Garry Bertholf and Walt Hunter

are assistant professors in the Department of English at Clemson University, where they co-direct the First Book Series and Radical Methods Working Group. Walt’s work has appeared in ASAP/Journal, Cultural Critique, the minnesota review, Modern Philology, symploke and elsewhere; his translation (with Lindsay Turner) of Frédéric Neyrat’s Atopies is forthcoming from Fordham University Press; his current book project is tentatively titled “Ecstatic Call: The Uses of Global Poetry.” Garry’s work has appeared in Anthurium: A Caribbean Studies Journal, the Journal of Popular Music Studies and south: a scholarly journal (formerly The Southern Literary Journal); his most recent article (with Marina Bilbija) on “Teaching Du Bois’s Black Reconstruction” is forthcoming in an edited volume on Reconstruction from the University of Virginia Press; his current book project is tentatively titled “The Black Charismatic: Demagoguery and the Politics of Affect.”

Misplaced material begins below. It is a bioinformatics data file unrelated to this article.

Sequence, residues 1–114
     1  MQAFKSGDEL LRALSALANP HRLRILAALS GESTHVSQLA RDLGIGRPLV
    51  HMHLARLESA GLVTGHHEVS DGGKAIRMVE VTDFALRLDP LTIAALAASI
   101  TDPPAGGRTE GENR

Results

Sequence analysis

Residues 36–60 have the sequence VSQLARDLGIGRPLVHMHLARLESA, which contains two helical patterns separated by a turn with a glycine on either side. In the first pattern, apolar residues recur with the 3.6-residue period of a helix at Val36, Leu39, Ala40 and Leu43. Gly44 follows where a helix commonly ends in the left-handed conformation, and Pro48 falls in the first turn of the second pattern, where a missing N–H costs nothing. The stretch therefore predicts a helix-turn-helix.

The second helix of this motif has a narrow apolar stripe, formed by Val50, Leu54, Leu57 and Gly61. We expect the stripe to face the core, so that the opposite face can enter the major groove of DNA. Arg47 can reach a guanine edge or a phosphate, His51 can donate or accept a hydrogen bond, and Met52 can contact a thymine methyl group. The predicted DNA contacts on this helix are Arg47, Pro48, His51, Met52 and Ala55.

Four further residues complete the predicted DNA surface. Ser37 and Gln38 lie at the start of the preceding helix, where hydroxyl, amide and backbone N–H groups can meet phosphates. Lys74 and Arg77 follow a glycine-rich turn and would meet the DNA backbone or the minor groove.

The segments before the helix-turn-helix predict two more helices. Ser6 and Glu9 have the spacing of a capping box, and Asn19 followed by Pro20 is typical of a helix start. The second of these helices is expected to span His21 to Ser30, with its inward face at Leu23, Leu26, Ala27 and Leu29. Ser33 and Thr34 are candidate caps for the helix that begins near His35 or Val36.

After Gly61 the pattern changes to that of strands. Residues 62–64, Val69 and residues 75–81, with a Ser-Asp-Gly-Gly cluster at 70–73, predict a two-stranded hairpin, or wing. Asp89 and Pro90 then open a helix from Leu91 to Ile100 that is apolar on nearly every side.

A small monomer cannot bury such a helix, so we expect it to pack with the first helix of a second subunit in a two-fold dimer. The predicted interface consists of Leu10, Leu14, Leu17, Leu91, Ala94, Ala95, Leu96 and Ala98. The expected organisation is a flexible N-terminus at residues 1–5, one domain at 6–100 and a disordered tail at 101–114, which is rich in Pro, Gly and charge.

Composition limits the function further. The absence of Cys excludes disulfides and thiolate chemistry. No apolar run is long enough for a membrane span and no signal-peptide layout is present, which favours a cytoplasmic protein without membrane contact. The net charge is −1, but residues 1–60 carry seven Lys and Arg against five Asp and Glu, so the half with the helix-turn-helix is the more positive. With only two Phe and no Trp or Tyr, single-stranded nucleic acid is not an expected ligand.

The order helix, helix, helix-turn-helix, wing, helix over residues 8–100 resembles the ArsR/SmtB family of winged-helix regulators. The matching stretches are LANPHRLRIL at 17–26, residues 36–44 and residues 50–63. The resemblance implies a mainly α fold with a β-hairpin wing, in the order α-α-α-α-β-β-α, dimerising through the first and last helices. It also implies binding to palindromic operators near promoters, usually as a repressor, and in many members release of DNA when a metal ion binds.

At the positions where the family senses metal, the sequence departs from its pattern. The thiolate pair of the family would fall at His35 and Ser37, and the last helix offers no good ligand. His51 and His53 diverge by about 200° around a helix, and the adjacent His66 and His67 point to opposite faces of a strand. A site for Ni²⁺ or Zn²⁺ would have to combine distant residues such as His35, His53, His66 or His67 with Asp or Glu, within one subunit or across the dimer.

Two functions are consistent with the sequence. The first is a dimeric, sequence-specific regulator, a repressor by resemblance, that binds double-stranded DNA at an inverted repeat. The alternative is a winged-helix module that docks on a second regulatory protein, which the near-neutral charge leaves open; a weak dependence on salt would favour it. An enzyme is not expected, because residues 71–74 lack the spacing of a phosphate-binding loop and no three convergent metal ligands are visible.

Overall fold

Poetry After Trump

Poetry After Trump

This original encounter of linguistic difference, of unintelligibility and non-translatability, seems to have had a lasting impact on the long, slow, violent, and modern histories of human suffering mentioned above. In a sense, poetry and politics after Auschwitz must be barbaric—that is to say, they must be foreign to the hegemonic language and culture that produced the Holocaust.